A growing number of workers in a wide variety of professions are abusing stimulants in an effort to stay competitive, experts tell The New York Times.
Abuse of stimulants to treat attention deficit hyperactivity disorder (ADHD), such as Adderall, Vyvanse and Concerta, has long been an issue for college students.
A recent analysis estimated that 17 percent of college students misuse ADHD drugs.
There are no reliable estimates of how many American workers misuse stimulants, several experts told the newspaper. But dozens of people interviewed by The New York Times said they and co-workers misused stimulants. Most users said they got the medication by pretending to have symptoms of ADHD. Some got them from friends or dealers, the article notes.
These drugs, when taken in high doses, can cause anxiety, addiction and hallucinations. Some doctors and medical ethicists are concerned there is pressure in some workplaces to use stimulants in an attempt to become more productive.
"You'd see addiction in students, but it was pretty rare to see it in an adult," said Dr. Kimberly Dennis, the Medical Director of Timberline Knolls, a substance-abuse treatment facility for women outside Chicago. "We are definitely seeing more than one year ago, more than two years ago, especially in the age range of 25 to 45."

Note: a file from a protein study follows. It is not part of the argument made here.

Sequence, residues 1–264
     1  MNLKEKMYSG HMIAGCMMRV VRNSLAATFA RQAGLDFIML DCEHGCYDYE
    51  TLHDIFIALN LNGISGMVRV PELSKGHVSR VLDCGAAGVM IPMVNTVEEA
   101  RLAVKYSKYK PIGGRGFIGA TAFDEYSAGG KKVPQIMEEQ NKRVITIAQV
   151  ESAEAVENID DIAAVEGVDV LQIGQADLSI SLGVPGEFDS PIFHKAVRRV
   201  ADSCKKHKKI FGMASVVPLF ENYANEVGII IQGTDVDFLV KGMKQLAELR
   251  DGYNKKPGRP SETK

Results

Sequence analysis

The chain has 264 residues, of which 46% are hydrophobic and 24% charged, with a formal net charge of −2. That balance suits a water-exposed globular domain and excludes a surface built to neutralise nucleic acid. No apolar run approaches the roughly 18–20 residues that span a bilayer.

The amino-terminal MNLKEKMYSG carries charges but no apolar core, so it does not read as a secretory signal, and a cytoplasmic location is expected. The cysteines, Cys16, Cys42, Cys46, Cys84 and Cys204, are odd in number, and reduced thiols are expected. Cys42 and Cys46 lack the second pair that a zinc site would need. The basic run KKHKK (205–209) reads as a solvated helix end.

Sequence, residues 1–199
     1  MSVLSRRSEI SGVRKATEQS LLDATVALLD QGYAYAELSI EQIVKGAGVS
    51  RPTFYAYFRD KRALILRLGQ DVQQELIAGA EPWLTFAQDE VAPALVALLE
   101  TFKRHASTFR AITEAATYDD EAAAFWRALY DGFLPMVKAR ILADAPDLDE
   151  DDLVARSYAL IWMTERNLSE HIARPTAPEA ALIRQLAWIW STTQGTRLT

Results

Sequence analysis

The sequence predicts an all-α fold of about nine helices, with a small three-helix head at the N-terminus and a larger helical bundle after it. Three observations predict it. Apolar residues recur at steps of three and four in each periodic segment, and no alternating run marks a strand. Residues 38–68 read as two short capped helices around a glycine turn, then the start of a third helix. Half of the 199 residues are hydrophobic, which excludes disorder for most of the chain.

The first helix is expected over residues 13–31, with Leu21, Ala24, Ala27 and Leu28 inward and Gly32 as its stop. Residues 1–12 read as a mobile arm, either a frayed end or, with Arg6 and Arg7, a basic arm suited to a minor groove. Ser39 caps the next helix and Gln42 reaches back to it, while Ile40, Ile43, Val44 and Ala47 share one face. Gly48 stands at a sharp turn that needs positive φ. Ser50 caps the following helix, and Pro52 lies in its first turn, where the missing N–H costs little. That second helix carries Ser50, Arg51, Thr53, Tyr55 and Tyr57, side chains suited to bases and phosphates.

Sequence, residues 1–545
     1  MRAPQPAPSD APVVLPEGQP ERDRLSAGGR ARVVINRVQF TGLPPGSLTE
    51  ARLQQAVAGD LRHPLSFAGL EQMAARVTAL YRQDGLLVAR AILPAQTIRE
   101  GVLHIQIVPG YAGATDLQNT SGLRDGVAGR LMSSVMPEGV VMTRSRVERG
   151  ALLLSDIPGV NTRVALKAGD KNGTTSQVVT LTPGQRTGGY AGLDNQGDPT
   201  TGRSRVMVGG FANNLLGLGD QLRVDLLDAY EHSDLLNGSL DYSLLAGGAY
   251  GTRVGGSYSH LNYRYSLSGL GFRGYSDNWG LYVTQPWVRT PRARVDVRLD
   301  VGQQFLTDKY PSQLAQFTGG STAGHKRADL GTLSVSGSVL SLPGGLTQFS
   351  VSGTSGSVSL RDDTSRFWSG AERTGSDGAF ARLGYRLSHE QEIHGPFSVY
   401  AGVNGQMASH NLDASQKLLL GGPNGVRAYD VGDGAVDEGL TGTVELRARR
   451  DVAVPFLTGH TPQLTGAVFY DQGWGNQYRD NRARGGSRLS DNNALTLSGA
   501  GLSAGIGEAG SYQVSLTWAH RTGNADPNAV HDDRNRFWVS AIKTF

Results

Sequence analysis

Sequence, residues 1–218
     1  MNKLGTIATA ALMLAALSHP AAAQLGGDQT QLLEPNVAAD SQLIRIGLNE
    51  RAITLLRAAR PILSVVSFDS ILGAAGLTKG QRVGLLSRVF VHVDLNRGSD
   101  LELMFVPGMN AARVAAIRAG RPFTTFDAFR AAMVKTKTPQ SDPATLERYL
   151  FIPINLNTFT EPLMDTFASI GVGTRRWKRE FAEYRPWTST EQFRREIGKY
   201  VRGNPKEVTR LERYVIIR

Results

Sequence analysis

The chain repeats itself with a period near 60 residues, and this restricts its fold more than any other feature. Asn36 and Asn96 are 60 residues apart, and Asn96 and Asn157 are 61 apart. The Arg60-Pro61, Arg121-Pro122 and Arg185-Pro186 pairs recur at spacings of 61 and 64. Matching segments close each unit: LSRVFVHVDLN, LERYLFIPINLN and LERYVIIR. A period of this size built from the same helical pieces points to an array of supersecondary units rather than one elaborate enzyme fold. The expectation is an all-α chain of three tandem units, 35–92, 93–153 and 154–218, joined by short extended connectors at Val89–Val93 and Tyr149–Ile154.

"Given the increase in rates of abuse in college students over the last decade, it is essential that we understand the outcomes as they leave college and assume adult roles," said Dr. Wilson Compton, the Deputy Director of the National Institute on Drug Abuse.
According to Express Scripts, the nation's largest prescription drug manager, use of ADHD medication has increased rapidly.
About 2.6 million American adults received ADHD drugs in 2012, a rise of 53 percent in only four years. Use among adults 26 to 34 almost doubled.